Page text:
We live in a world that moves very, very quickly. Both at work and at home we are constantly trying to keep up with the pace of our lives that have become more hectic mostly due to the internet and the evolution of email and social media. Between email, text messaging, Twitter, Facebook, Pinterest, Instagram, etc. we are constantly bombarded with communication, and it can be a challenge to filter what is important and to decide what to respond to first. The point is things are moving faster and I believe our business and personal lives will continue to speed up.
Customers have needs and want answers quickly. And we are committed to respond to their needs and concerns quickly, even if we simply acknowledge that we are “on it” as our fundamental describes. Although we are committed to a quick response lets remember that the right, thoughtful response is always better than the quick, incorrect response. There is absolutely nothing wrong with an immediate “I will be back to you promptly” while you determine what course of action meets Fundamental Number 1 – Do the Right Thing Always. In place of an electronic communication you might also do something really “Old School” as an option like picking up the phone and calling the customer to say “I am working to address your needs. And by the way how are you? How is the family?”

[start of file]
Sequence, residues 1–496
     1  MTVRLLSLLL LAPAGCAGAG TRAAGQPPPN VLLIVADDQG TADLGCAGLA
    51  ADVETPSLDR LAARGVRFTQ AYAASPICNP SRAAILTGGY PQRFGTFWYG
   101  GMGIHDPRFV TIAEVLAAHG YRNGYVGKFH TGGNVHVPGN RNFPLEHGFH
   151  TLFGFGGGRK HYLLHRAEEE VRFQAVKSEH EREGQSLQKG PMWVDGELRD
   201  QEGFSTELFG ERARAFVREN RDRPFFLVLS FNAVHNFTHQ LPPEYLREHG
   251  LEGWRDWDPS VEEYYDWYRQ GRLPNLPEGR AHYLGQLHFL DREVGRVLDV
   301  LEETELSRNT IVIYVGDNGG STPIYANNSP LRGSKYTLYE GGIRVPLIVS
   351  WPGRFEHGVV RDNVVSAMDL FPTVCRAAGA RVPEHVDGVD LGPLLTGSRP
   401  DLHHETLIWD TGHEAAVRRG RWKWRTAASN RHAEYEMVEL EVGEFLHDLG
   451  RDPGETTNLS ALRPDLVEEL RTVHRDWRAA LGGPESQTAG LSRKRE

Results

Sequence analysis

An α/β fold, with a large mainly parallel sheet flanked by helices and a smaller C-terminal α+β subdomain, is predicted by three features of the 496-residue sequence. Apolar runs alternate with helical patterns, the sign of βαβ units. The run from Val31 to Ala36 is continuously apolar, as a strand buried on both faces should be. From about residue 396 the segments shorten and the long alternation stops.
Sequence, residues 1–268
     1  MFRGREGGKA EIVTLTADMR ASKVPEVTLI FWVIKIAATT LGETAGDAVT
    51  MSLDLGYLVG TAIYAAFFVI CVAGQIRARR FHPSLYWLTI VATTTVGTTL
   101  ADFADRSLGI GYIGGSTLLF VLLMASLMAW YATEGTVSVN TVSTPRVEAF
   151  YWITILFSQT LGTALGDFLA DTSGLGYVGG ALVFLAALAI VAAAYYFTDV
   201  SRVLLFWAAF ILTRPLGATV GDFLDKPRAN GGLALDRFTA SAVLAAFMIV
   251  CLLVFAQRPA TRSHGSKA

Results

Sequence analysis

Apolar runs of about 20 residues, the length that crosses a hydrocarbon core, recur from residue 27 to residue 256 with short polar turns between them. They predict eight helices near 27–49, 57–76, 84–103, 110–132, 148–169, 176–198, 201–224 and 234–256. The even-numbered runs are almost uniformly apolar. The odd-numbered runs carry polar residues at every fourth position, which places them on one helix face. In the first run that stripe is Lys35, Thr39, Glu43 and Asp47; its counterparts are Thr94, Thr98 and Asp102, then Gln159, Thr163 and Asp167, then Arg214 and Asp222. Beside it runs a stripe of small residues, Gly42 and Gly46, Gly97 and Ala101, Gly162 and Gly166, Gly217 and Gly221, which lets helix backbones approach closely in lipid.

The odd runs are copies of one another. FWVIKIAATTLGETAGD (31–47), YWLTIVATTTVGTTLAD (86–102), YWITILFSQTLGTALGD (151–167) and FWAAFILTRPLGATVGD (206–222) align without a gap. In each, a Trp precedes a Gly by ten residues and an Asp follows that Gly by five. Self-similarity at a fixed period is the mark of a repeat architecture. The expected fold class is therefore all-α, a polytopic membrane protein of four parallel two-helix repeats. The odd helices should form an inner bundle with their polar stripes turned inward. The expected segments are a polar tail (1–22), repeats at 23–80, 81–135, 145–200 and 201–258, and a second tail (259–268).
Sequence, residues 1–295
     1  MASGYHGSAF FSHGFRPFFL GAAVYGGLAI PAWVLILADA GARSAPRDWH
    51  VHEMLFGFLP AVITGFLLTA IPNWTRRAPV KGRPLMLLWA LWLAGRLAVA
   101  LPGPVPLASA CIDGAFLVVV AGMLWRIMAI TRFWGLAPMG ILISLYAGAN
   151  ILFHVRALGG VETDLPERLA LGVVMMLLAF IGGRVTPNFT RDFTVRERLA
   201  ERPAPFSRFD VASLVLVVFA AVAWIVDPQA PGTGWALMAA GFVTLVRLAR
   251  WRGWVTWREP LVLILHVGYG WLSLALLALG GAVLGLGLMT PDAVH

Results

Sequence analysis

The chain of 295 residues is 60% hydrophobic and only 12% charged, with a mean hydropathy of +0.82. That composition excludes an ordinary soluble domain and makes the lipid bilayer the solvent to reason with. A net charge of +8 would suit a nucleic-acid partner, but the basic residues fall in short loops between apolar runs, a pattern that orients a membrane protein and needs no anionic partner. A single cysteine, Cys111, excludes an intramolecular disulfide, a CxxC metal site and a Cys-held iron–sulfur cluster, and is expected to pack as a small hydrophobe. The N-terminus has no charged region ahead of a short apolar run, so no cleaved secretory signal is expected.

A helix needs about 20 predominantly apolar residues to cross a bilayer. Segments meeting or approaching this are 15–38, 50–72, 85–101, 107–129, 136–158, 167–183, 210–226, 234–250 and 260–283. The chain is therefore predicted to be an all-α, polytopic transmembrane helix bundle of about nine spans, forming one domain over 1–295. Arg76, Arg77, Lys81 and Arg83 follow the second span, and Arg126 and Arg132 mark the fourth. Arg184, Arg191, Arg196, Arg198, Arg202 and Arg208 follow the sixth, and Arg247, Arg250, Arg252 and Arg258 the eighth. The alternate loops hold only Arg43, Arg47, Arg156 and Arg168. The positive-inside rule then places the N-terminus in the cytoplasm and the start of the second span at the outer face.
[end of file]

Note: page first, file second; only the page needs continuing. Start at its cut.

Although we may not have time to do this in every instance and we need to prioritize our messaging and manage our time, a phone call no doubt makes a more personal contact with our customers. The most important part of the conversation is to understand the customer expectations during your call. The customer knows you are concerned but will feel better if you understand what they expect from you / Famous. Remember, we can return a call at 10 am tomorrow and be perceived as a hero or a bum, based on when they expect the call. Let’s make it a priority to always be clear on what a customer wants. We have become so reliant on electronic communication and the pace that it creates that sometimes we forget that the spoken word can make a “Fan” out of a customer who expects you to be a “Fanatic” about response time.